Behind the Forecast: How cold weather affects air quality

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Science Behind the Forecast: How cold weather affects air quality

LOUISVILLE, Ky. (WAVE) - Air quality is critical to the quality of our everyday life. Air quality is impacted by the number of pollutants, like smoke, dust, and smog in the air. When pollution levels are too high, it poses a risk to humans, animals, plants, and natural resources.

Man-made or natural sources of pollutants can degrade air quality. Natural sources include dust and volcanoes. Cars, power plants, burning wood, and landfills are types of human-produced air pollution.

Rain, hot temperatures, wind speed, sunshine, and air turbulence can affect the concentration of pollutants in our atmosphere.

When temperatures drop, car and home exhaust become more visible. Pollutants collect near the ground during colder, calmer months due to temperature inversions. During a temperature inversion, smoke is unable to rise and disperse in the atmosphere and carbon monoxide may increase to unsafe levels.

There are two ways that cold air can settle over an area. First, when Canadian or Arctic air drives into the United States accompanied by strong winds and frigid wind chills. Another way is when a shallow layer of dry, cold, calm air settles over a snow-covered region. The second type of cold wave may last longer than the first, but it covers a smaller area. "The first is strengthened by large-scale atmospheric circulation patterns favoring cold air advection, while the second is reinforced by clear-sky radiative cooling," according to researchers. That means air quality in the winter is dependent on the type of cold wave. Temperature inversions are more likely with the second type of cold wave as well. A temperature inversion is defined as " a layer in the atmosphere in which air temperature increases with height." Cool air can't rise since the warm air acts like a bottle cap, trapping the pollutants near the ground and keeping them from dispersing.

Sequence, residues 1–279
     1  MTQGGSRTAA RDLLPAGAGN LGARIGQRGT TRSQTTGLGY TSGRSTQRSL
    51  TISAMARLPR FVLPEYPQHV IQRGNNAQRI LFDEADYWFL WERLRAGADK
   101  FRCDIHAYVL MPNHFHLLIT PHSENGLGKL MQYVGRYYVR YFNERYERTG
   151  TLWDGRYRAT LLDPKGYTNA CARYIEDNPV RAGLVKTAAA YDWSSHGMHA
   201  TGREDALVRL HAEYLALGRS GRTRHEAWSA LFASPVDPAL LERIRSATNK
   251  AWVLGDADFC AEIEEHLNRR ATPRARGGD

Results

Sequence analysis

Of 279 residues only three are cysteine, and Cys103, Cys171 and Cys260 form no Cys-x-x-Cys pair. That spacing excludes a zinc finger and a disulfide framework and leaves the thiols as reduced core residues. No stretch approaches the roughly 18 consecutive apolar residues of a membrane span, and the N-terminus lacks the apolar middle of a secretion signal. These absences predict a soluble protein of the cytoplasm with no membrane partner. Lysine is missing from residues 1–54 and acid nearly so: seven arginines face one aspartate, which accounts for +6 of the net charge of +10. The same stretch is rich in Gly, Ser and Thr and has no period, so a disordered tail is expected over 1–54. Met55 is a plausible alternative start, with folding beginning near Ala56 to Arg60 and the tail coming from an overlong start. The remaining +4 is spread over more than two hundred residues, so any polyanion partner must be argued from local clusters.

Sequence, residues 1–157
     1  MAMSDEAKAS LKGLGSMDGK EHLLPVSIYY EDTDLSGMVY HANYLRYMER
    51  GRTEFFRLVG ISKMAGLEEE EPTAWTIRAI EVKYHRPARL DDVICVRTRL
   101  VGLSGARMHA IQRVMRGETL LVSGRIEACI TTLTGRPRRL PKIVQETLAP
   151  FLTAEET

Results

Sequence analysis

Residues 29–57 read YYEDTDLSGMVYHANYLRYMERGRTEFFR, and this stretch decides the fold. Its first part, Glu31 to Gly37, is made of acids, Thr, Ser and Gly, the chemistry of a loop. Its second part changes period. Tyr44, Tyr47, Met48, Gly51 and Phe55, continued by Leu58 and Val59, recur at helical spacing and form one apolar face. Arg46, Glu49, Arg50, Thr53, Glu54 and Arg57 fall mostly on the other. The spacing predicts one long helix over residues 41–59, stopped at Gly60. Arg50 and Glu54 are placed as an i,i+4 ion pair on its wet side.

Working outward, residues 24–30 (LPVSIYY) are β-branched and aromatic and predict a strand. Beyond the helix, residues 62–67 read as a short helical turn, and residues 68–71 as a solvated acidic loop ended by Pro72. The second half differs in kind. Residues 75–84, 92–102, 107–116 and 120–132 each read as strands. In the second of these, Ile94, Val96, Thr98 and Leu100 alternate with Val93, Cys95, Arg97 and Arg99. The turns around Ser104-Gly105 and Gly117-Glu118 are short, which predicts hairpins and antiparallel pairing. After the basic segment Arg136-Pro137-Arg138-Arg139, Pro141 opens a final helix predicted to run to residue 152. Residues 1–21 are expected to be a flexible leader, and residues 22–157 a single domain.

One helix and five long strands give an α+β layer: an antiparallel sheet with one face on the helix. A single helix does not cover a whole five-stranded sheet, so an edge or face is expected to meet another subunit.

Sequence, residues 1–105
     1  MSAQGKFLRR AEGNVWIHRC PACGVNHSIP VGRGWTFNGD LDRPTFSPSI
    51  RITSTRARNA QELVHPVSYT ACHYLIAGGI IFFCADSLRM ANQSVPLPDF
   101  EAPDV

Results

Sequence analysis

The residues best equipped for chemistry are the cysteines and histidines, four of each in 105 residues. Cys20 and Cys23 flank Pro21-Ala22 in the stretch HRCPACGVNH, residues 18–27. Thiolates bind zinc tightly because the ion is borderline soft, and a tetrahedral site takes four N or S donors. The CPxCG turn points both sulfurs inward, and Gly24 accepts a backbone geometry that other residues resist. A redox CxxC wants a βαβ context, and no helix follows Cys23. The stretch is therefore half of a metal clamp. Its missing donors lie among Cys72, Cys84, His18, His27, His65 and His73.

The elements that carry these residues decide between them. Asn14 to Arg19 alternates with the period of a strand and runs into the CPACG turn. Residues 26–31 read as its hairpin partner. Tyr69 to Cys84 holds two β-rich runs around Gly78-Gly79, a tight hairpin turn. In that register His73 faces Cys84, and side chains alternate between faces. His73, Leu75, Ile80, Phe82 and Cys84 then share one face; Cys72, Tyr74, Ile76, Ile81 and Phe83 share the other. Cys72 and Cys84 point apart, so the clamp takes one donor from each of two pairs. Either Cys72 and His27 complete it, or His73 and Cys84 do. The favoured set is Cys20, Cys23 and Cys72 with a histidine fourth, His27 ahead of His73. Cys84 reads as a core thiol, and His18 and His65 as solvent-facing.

Ground-level ozone forms when nitrogen oxides from car exhaust and industrial pollution react with organic compounds with the help of heat and sunshine, according to the National Weather Service (NWS). Sunshine can instigate some chemical reactions creating smog. Hot temperatures speed up those chemical reactions. Ozone can cause numerous health problems ranging from coughing to lung damage, according to the Environmental Protection Agency (EPA).

Storms help to clear pollutants because they wash problematic particles out of the atmosphere and circulate the air. Winds and air turbulence affect how pollutants spread out across an area.

The Air Quality Index (AQI) reports how unhealthy or clean the air is and potential health impacts. The EPA calculates the AQI for several major pollutants that are regulated by the Clean Air Act: carbon monoxide, nitrogen dioxide, ozone, and particle pollution. The higher the AQI, the worse the air pollution. Values above 100 are considered unhealthy. The primary focus in Kentucky and Indiana is ground-level ozone (O3) and particle pollution (PM2.5).

EPA has assigned a specific color to each AQI category to make it easier for people to understand quickly whether air pollution is reaching unhealthy levels in their communities.
EPA has assigned a specific color to each AQI category to make it easier for people to understand quickly whether air pollution is reaching unhealthy levels in their communities. (Source: Environmental Protection Agency)

During the winter, indoor air quality can quickly deteriorate because of poor ventilation. If circulation is improper, carbon dioxide can collect in a home, causing headaches and lethargy.

For the latest air quality forecasts from the EPA and NWS, head over to https://www.airnow.gov/ or https://airquality.weather.gov/.

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